Through the new detection method, the city can save itself the cost of non-revenue water and help residents detect an issue before it becomes a costly problem.Through the new detection method, the city can save itself the cost of non-revenue water and help residents detect an issue before it becomes a costly problem.

Making Upgrades without Straining Budgets

Energy performance contracting programs allow municipalities to overcome financial barriers to address crucial infrastructure needs. The program is designed as a financial solution to meet clients’ technical facility needs and sustainability goals. The goal is to drive costs out of a client’s operating budget, allowing savings to be reallocated to fund mission-critical facility needs.

The City of Fremont worked with ABM to develop a customized solution to create energy savings by upgrading city-owned streetlights to energy-efficient lighting, retrofitting HVAC units and installing state of the art HVAC controls at city facilities.

The plan also included replacing the remaining 5,000 commercial and residential water meters.

Modernized Meters and Service

The City of Fremont wanted to ensure it provided its residents and businesses with a fair and equitable billing system. But, due to the unpredictable water flow monitoring, the older water meters weren’t properly monitoring all the water being used, creating non-revenue water losses for the city.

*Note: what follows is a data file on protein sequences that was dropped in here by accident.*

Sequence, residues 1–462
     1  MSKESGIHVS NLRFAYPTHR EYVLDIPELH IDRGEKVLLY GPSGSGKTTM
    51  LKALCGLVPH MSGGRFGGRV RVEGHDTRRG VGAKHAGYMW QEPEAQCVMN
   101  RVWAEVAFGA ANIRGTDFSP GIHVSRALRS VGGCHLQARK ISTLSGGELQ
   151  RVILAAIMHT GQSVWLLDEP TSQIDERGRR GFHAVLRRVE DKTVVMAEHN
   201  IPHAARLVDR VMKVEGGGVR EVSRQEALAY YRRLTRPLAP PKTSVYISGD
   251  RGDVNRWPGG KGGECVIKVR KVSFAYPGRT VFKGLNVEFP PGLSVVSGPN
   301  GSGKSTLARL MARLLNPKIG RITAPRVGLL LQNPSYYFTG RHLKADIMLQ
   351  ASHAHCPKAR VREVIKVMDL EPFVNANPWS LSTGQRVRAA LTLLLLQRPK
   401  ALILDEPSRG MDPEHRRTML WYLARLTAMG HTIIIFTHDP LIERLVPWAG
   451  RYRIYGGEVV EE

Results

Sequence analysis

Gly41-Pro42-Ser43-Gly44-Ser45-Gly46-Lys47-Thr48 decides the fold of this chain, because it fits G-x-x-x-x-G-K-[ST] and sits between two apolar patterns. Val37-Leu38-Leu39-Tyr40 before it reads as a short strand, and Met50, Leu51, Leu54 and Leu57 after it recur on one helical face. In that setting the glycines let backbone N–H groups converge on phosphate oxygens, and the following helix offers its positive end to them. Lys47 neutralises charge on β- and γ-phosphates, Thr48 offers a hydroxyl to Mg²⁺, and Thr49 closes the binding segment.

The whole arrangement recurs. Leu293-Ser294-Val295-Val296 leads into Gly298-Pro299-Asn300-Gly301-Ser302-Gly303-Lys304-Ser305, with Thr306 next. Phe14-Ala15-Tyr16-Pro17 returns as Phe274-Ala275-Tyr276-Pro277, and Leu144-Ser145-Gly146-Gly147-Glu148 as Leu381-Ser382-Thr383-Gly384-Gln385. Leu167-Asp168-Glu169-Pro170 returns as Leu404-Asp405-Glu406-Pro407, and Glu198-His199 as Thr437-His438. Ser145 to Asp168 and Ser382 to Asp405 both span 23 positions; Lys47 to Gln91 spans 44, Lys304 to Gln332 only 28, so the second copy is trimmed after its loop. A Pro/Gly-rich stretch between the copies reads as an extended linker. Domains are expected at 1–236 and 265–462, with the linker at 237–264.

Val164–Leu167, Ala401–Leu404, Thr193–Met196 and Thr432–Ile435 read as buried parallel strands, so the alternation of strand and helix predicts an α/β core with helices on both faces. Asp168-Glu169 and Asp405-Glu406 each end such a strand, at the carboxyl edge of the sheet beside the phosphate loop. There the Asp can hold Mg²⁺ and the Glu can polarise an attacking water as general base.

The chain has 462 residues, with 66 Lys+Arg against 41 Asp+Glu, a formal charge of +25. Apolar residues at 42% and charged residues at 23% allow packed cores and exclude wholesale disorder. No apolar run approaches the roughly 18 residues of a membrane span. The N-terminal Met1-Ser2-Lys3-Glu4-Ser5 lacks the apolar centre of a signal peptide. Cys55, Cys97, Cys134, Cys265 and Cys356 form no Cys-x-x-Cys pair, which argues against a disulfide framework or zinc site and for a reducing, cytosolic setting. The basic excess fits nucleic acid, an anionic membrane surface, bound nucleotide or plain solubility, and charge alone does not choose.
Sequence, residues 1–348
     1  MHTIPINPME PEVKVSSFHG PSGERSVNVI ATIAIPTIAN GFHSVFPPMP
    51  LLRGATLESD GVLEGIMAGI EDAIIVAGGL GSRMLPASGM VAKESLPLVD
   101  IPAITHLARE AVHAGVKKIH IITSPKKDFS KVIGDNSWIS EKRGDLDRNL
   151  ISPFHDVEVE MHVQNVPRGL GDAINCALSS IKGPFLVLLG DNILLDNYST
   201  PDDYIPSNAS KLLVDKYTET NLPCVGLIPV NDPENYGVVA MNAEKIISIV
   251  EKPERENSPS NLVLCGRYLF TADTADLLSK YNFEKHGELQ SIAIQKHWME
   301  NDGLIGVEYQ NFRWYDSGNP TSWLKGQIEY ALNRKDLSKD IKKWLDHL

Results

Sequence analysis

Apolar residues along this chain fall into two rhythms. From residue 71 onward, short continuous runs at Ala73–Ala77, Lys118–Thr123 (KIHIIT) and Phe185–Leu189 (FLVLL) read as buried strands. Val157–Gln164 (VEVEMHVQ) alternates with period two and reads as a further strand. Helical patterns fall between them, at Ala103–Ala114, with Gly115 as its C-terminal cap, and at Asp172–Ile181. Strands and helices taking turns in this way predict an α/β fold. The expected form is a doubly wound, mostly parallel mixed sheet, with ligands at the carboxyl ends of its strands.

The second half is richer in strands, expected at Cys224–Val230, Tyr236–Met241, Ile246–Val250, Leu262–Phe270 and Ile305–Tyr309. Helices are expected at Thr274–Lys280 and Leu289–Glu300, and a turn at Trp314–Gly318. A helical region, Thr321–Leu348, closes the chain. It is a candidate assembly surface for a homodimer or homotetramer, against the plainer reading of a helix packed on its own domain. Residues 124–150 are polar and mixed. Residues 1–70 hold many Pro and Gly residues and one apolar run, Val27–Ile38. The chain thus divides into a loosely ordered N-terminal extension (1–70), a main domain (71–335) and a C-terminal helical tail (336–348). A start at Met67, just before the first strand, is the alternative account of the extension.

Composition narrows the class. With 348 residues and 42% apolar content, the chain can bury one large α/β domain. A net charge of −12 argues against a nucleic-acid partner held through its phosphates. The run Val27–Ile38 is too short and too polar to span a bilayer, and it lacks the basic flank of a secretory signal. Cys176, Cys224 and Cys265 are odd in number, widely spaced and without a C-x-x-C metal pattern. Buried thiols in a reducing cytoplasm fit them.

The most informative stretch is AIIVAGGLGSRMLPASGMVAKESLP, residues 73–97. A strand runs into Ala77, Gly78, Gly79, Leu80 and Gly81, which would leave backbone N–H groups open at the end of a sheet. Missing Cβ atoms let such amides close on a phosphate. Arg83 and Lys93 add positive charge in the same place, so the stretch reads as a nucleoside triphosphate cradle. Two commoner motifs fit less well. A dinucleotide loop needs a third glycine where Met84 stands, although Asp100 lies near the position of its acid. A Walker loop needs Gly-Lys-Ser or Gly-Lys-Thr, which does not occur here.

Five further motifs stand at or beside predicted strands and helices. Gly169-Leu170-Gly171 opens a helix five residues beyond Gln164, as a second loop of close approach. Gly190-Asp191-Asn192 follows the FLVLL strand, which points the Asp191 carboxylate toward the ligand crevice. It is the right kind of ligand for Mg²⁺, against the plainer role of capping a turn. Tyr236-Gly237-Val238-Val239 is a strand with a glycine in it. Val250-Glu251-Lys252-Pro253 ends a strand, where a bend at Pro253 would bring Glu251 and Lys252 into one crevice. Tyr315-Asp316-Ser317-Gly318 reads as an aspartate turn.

The new water meters come with a cellular transmitter, which provides city officials with Internet-based meter reading capabilities. The transmitters connect with the city’s computer system to provide instant, online meter readings to streamline the entire reading and billing process.

Logistically, the project has provided the city with multiple benefits. Instead of city employees having to reach out and coordinate the water meter replacements with residents and businesses, ABM set up a call center and reached out with phone calls, letters and door hangers. This allowed the residents and business owners to coordinate with ABM to switch the meters.

Before installing the new water meters, city workers had to drive along every city street every other month to take water meter readings. The readings required fleet vehicles and took employees at least two full days to complete. Since it was such a time-consuming process, the City of Fremont had implemented a common billing practice used by other cities: it would use the readings taken during its bi-monthly drives to send two bills to its customers — a bill for the actual month’s reading and an estimated bill for the next month.

This system created unpredictable, often fluctuating bills. If the estimated bill was too high or too low, the charges would be adjusted on the customer’s next bill.

The new water meters rely on transmitters, which send signals to the city’s utility billing office. The transmitters accurately and efficiently read the meters, eliminating the need for estimated readings. It also ensures customers receive their bills in a timely manner.